Page last updated at 08:52 GMT, Wednesday, 21 October 2009 09:52 UK

Lawyers urge Google jury warning

Paul McBride and Donald Findlay want jurors to be warned over using the internet
Paul McBride and Donald Findlay want jurors to be warned over internet use

Two of Scotland's leading criminal lawyers have said more must be done to stop jurors using the internet to research cases they are involved in.

Donald Findlay QC and Paul McBride QC said Scottish courts had to recognise that this was a growing problem.

Mr McBride told BBC Scotland jurors now had immediate access to the internet via their mobile phones.

He said they must be warned by judges and sheriffs not to "Google" anything related to their case.

The QC said: "In this new technological age where every teenager has a phone which has access to the internet and can Google anybody, the temptation must be very high, especially in cases of high profile, to look up the history of someone who is on trial.

"Currently there is no system in place to prevent that happening."

Legal establishment

He added: "I would like the legal establishment to give direct warnings to jurors that they must not, during the currency of a case, look at the internet, either in relation to alleged circumstances of the crime, any witness or, in particular, the accused - and they must concentrate solely on the evidence."

Writing in the Scottish Legal News, Mr Findlay said the failure to address the problem showed an "ostrich approach" from the legal establishment.

Mr Findlay said: "The law works on a fiction that jurors always do what they are told and must only decide the case on the merits of the evidence presented, but I am not convinced of that.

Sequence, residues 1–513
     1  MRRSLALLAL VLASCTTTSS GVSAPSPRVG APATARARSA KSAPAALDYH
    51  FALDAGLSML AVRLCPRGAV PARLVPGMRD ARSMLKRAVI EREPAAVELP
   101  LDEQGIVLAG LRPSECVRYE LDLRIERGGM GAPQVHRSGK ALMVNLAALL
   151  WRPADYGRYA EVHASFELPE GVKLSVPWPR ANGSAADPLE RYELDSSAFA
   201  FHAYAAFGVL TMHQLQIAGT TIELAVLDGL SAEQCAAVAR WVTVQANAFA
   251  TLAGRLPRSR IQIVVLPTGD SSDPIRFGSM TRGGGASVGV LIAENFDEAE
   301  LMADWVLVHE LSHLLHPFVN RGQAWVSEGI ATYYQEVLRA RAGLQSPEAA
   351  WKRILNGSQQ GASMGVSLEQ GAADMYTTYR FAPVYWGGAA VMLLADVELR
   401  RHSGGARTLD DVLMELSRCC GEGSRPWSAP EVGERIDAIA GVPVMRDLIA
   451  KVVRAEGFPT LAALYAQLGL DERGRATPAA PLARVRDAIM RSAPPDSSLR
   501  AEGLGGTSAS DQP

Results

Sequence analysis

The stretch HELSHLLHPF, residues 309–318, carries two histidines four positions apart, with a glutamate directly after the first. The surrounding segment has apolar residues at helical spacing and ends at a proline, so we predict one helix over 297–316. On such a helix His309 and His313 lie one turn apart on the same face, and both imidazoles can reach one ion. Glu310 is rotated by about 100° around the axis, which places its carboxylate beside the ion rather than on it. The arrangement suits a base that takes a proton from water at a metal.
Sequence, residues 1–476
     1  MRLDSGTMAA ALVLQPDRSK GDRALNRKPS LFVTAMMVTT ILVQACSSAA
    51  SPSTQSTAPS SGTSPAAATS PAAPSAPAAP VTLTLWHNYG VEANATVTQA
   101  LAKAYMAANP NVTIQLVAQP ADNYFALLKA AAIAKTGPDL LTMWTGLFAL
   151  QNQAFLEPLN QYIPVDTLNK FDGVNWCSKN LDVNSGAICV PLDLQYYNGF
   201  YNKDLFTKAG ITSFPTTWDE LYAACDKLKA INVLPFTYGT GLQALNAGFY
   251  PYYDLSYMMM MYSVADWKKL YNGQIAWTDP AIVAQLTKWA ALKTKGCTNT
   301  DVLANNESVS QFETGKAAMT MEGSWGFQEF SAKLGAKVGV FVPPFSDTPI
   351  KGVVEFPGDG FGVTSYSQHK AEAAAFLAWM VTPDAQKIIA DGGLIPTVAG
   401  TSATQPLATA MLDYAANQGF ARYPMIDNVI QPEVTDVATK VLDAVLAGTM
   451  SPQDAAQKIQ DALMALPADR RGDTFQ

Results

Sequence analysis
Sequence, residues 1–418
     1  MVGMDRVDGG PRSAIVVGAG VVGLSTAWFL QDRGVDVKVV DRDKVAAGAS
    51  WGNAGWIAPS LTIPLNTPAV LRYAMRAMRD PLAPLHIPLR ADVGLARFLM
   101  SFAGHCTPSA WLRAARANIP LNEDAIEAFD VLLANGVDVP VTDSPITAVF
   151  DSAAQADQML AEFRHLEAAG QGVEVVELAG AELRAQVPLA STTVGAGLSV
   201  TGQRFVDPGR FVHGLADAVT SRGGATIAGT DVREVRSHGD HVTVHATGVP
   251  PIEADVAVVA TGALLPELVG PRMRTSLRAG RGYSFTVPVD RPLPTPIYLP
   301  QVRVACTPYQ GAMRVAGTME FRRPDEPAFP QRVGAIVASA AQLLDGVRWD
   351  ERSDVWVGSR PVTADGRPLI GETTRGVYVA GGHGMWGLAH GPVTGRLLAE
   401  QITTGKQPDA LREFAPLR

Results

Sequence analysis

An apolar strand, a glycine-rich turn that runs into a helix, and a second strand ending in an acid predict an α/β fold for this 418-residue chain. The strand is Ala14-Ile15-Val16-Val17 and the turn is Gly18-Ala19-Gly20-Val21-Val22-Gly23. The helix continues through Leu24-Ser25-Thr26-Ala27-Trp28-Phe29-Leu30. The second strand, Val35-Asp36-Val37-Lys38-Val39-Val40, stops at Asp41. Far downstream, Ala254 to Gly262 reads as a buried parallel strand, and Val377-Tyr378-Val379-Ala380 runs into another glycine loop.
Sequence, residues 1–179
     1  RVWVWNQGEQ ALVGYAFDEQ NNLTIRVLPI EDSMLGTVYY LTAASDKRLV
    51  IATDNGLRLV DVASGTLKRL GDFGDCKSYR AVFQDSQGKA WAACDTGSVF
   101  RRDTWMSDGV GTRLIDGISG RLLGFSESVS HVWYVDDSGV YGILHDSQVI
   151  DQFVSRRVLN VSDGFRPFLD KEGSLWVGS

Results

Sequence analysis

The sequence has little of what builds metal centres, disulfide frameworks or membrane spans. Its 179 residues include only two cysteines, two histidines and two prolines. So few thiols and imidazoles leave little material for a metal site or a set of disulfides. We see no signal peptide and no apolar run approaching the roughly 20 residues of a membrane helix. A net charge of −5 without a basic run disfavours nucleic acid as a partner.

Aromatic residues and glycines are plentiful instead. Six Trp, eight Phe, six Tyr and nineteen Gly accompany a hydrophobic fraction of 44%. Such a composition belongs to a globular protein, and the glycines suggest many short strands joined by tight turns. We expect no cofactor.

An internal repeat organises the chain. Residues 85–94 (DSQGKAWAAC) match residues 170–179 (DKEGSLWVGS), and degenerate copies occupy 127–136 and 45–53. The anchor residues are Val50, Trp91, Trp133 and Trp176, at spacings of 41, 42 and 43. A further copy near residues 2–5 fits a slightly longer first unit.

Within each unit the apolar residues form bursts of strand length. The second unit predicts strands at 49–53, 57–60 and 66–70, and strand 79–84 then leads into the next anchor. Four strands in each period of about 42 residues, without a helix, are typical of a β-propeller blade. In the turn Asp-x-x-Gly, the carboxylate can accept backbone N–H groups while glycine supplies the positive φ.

"In some of the more high-profile cases, the temptation to type in the name of the defendant or the incident itself into a search engine must be a temptation almost too great.

"You're not getting fact but media coverage which may or may not be fact and that is a very dangerous situation."

Legal commentator Joshua Rozenberg said warnings over using the internet were standard practice in England and Wales.

In the old days jurors probably could not remember what they had read in the newspapers six or nine months before the trial, even in a high profile case
Joshua Rozenberg
Legal commentator

He said: "There was some debate though because the problem with telling a jury 'don't look this up on the internet' is it will give some people the idea of doing exactly that."

"It is possible it could be counter-productive and that is no doubt why there is still debate in Scotland, but the view in England seems to be it is better to give the jury a clear order not to do so and then just trust the jury."

He said judges already gave warnings to jurors not to discuss the case among family and friends and they were trusted to comply.

Mr Rozenberg said the internet ban was difficult to enforce unless you locked a jury up in a room for the length of a trial.

He said: "In the old days jurors probably could not remember what they had read in the newspapers six or nine months before the trial, even in a high profile case.

"Nowadays they will look things up which they would not have even seen at the time of the trial, let alone remembered."



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